Heuristic Evaluation of Persuasive Health Technologies

Persuasive technologies for promoting physical fitness, good nutrition, and other healthy behaviors have been growing in popularity. Despite their appeal, the evaluation of these technologies remains a challenge and typically requires a fully functional prototype and long-term deployment. In this project, we attempt to help bridge this gap by presenting a method for using heuristic evaluation to evaluate persuasive technologies. We developed a set of 10 heuristics intended to find problems in persuasive technologies that would affect persuasive elements, adoption, or long-term effectiveness of the technologies. We compared the performance of Nielsen’s heuristics to our heuristics on two persuasive technologies using 10 different evaluators. Using our heuristics, evaluators found more severe problems more frequently. In addition, the issues that found only by our heuristics were more severe and more relevant to persuasive, cultural, and informational issues of the interfaces evaluated. Our method can be helpful in finding problems in persuasive technologies for promoting healthy behaviors earlier in the design process. This work was published at IHI 2010.

MyPyramid Blast Off game evaluated for study MindBloom website evaluated for study

10 Heuristics for Persuasive Health Technologies

  1. Appropriate Functionality: The technology should meet usability, mobility, visibility, and durability needs according to the settings in which it might be used. The technology should function effectively in the user’s environment by being easy to use and integrate into one’s daily life and routine.
  2. Not Irritating or Embarrassing: The technology should not irritate or embarrass the user, even after using the product repeatedly and regularly over a long period of time. This relates to aspects such as the presence of the product itself in the user’s environment, the degree to which the technology intrudes upon the user’s daily life, the timing, type, accuracy, and amount of feedback given, and the capability for customized settings and privacy controls.
  3. Protect Users’ Privacy: The system allows users to keep personal information private. Users can control what, when, to whom, how, and how much information is made public. Any public information is kept abstract.
  4. Use of Positive Motivation Strategies: The technology recognizes when target behaviors have been performed or goals have been met and uses positive reinforcement strategies to promote continued progress. Avoids use of punishment for failure to perform target behaviors or meet goals.
  5. Usable and Aesthetically Appealing Design: The visual design of the technology is attractive and appealing and adheres to basic usability standards. The design captures and sustains the user’s interest, enhances user engagement with the technology, and also adds to the credibility and usability of the product.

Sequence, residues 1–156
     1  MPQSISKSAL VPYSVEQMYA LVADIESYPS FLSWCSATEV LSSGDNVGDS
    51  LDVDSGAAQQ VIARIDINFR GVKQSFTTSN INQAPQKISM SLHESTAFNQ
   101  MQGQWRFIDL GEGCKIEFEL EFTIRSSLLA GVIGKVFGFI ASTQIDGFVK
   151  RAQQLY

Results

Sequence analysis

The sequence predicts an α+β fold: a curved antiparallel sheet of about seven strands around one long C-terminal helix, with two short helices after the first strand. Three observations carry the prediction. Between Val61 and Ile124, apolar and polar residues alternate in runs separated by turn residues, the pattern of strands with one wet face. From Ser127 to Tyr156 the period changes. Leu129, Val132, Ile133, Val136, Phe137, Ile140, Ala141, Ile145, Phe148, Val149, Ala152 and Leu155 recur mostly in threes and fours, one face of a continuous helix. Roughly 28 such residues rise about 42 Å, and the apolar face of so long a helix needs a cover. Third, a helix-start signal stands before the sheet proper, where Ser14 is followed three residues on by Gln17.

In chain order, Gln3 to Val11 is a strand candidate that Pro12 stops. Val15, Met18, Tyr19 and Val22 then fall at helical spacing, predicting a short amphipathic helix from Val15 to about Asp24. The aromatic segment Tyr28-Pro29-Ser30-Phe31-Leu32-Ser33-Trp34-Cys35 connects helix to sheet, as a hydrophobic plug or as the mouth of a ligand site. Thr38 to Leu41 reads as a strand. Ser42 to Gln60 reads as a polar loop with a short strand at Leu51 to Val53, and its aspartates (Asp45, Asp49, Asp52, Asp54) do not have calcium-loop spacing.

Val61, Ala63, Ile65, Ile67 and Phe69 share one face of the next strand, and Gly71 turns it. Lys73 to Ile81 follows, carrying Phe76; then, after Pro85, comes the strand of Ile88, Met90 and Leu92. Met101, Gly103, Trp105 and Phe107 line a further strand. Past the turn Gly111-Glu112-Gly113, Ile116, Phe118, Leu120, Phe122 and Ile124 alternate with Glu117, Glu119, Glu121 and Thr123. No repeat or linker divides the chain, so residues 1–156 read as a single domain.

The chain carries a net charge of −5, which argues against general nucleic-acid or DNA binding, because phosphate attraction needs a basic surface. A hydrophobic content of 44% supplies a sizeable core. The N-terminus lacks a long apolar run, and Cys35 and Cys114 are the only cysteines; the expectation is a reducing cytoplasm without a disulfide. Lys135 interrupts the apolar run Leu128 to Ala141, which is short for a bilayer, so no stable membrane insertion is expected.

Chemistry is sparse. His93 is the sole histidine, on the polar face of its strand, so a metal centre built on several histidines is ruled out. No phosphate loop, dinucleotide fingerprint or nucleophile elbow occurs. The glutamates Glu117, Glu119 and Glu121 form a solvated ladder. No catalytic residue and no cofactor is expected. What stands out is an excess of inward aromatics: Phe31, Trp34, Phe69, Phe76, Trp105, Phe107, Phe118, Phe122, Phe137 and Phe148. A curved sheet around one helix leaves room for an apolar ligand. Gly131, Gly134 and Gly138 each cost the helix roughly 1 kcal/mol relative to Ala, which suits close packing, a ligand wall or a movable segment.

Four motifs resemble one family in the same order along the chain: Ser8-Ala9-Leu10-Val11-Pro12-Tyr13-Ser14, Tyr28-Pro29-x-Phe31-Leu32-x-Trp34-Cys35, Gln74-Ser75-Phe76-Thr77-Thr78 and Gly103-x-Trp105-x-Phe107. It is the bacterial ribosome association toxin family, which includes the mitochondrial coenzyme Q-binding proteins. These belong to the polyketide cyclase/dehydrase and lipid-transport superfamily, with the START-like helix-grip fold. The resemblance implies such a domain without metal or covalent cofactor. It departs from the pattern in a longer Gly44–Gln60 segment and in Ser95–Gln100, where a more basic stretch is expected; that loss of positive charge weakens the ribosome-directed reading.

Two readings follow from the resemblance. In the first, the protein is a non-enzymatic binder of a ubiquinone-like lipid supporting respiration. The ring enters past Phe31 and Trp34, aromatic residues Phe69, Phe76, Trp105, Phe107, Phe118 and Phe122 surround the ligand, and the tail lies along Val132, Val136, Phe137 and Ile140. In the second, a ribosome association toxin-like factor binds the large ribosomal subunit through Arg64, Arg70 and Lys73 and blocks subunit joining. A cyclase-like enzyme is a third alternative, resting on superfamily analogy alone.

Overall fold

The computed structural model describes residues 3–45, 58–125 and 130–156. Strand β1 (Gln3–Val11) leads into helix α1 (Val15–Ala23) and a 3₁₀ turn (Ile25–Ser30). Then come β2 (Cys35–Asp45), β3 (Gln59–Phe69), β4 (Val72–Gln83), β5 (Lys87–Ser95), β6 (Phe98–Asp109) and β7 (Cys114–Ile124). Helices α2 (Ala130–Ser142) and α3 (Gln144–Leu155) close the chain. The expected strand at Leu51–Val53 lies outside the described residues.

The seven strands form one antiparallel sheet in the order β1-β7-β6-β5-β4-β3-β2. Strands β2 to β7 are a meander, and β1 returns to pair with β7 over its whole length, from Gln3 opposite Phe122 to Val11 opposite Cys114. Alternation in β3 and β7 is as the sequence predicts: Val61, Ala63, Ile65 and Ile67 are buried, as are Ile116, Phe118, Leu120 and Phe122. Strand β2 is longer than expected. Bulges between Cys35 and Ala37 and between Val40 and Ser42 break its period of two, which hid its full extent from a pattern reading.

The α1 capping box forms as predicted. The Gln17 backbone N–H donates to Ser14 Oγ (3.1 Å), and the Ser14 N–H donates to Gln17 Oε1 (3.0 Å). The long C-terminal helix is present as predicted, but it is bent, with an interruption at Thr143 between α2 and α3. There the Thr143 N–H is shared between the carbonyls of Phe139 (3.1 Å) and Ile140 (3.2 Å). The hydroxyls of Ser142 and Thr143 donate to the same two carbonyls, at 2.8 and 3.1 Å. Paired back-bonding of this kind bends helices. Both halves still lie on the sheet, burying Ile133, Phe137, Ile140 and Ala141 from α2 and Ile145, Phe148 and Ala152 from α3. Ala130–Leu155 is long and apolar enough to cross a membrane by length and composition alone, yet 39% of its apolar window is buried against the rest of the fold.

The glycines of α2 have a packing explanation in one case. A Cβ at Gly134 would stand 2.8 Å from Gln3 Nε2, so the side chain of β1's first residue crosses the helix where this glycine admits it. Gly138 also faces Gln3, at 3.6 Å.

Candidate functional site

6. Accuracy of Information: The technology should not inaccurately record or misrepresent the user’s behavior (for instance, due to limitations in automatic sensing capabilities or the inability to use the device in certain environments). If necessary—to obtain an accurate, comprehensive account of behavior—the technology should allow users to edit data records and/or manually input additional data that the device is incapable of detecting automatically.
  7. Appropriate Time and Place: Information, feedback, and assistance are provided at an opportune time and place (i.e., when and where it is needed, at the most appropriate time, and in the most effective manner).
  8. Visibility of User’s Status: The technology should always keep the user informed about progress toward goals through appropriate feedback within reasonable time. Feedback is accurate and easily understood (e.g., though use of abstract displays, summary data, etc.).
  9. Customizability: Users should be able to customize aspects of the technology, for example, creating personalized goals and customizing product settings (public/private data, interface, etc.). However, customizability should not interfere with persuasive aspects.
  10. Educate Users: Users should understand why the actions they do promote positive behaviors, and how their goals are being met. This includes which specific behaviors lead to the accomplishment of a larger goal. The technology should engage users in an active process whereby they learn information and gain skills relevant to their goals, particularly skills that would enable them to continue to progress towards goals even in the absence of the technology.


Julie Kientz
Eun Kyoung Choe
Brennen Birch
Robert Maharaj
Amanda Fonville
Chelsea Glasson
Jen Mundt


  • Kientz, J. A., Choe, E. K., Birch, B., Maharaj, R., Fonville, A., Glasson, C., & Mundt, J. (2010, November). Heuristic evaluation of persuasive health technologies. In Proceedings of the 1st ACM International Health Informatics Symposium (pp. 555-564). ACM.